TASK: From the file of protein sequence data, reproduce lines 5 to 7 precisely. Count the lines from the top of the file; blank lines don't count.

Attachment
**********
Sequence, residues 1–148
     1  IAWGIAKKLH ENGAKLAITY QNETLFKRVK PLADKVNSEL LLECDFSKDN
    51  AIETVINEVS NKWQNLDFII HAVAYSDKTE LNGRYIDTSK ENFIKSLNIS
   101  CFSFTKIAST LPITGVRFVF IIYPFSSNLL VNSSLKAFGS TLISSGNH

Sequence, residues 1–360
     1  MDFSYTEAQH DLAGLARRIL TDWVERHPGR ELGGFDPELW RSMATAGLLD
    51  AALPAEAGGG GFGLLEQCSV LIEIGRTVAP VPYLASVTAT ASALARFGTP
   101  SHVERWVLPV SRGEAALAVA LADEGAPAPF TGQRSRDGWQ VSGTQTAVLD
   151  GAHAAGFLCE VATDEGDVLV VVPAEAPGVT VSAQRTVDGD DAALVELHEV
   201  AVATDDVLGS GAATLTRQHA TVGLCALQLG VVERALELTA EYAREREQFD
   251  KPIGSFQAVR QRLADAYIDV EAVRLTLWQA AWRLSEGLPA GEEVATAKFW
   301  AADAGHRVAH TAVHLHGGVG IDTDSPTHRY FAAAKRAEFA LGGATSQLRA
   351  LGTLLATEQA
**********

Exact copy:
Sequence, residues 1–360
     1  MDFSYTEAQH DLAGLARRIL TDWVERHPGR ELGGFDPELW RSMATAGLLD
    51  AALPAEAGGG GFGLLEQCSV LIEIGRTVAP VPYLASVTAT ASALARFGTP